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Instead of trading for a proven running back like Leonard Fournette, the Steelers simply drafted a rookie with their 4th round pick. That rookie is Anthony McFarland out of the University of Maryland. To fully explain what McFarland brings to the table, Mike Asti was joined by Adam Zielonka, who is a sports reporter for the Washington Times. Zielonka also touched Antoine Brooks, the other Maryland product drafted by the Steelers.

Click here to also watch Mike and others discuss if the Steelers should have instead traded for Leonard Fournette on Pittsburgh Sports Live.

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2020 NFL Draft

Colbert Explains Why He Wanted Three Rounds Added to 2020 Draft

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Steelers general manager Kevin Colbert is offering an explanation as to why he wanted three rounds added to the 2020 NFL Draft.

Speaking with NBC Sport’s Mike Florio on the PFT PM podcast Tuesday, Colbert took the opportunity to clarify his suggestion.

“The reasoning was, part of it was selfish,” Colbert said. “You wanted to have a safety net because we’re dealing with less information, and the more picks you have, maybe you’ll have a little bit of a safety net again.”

With the league’s self-implemented travel restrictions in response to the COVID-19 pandemic, clubs were unable to conduct their normal scouting activities prior to the Draft. This included Pro Days, private workouts and in-person interviews.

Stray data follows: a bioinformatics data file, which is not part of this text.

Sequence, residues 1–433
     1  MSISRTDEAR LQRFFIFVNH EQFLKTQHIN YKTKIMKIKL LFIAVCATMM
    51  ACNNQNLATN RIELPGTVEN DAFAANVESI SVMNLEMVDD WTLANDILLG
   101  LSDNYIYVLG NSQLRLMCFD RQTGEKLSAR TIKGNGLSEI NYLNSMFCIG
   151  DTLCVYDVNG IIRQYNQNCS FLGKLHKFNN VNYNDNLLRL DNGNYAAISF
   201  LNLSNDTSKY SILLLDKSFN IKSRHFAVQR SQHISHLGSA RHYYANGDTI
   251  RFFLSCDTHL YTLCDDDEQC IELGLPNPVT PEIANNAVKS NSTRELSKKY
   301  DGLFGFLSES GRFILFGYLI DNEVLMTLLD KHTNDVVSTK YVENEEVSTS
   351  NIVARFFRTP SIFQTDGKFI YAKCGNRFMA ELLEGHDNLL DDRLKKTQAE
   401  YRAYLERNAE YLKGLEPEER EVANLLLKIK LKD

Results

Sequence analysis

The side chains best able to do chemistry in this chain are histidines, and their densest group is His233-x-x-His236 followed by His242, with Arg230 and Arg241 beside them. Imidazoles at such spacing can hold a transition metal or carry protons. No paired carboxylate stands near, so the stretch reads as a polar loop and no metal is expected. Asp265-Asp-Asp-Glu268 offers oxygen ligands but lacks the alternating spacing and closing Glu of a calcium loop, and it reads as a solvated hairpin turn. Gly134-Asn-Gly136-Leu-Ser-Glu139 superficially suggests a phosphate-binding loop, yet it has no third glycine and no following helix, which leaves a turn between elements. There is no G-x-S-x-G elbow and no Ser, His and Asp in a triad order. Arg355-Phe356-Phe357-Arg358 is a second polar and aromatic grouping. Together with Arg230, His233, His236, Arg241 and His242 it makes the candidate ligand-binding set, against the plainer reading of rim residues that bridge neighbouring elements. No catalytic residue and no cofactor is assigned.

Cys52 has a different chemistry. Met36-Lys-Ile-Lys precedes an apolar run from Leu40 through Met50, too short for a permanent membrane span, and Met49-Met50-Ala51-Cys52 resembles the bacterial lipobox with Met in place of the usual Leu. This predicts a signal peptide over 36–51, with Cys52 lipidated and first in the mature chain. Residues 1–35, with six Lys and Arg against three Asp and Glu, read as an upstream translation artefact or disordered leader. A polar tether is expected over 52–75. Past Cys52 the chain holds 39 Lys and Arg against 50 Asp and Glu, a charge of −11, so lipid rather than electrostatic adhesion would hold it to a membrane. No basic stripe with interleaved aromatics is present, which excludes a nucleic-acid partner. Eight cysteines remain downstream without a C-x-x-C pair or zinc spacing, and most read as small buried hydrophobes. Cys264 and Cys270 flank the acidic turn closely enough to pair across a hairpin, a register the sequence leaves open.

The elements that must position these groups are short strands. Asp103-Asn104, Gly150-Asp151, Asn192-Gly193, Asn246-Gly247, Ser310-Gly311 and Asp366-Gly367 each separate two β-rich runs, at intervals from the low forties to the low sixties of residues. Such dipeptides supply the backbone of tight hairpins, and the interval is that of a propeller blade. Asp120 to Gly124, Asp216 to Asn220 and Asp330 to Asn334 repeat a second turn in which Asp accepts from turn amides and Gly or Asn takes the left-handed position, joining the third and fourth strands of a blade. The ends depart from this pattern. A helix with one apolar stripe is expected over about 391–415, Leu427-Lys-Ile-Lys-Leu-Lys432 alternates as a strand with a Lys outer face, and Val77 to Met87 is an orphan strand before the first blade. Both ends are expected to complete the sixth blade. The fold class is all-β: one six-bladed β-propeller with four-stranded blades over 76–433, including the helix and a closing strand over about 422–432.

Less opportunities to watch and speak with prospects results in a larger margin for error.

Colbert went on to say that it also would have benefited some of the fringe prospects in the Draft that never had the chance to showcase themselves at a Pro Day or other setting.

“The other thing was it would give the marginal player that didn’t get his opportunity to go to a Pro Day and to perform. Maybe there will be more players drafted and then those players will then again have the chance they might not get.”

Now without rookie minicamps, the challenges are mounting for clubs and NFL hopefuls.

“Every year a team might stumble upon a tryout player,” Colbert said. “Maybe if we ever get on the field, we can think of a way to help those because there’s a big group of players that aren’t getting opportunities because of the situation.”

Colbert reminded Florio that the Steelers discovered Devlin “Duck” Hodges as a tryout in camp last year.

It is unclear when teams will be allowed to return to the practice field for their offseason programs, with clubs currently conducting theirs entirely from home.

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2020 NFL Draft

Mic Drop: NFL Draft Recap Show

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It was eat, sleep, draft coverage, repeat for Mike Asti and the Steelers Now crew this past week. And now that the draft is over, Mike Asti evaluates each pick and gives his thoughts on some moves he says the Steelers should have made.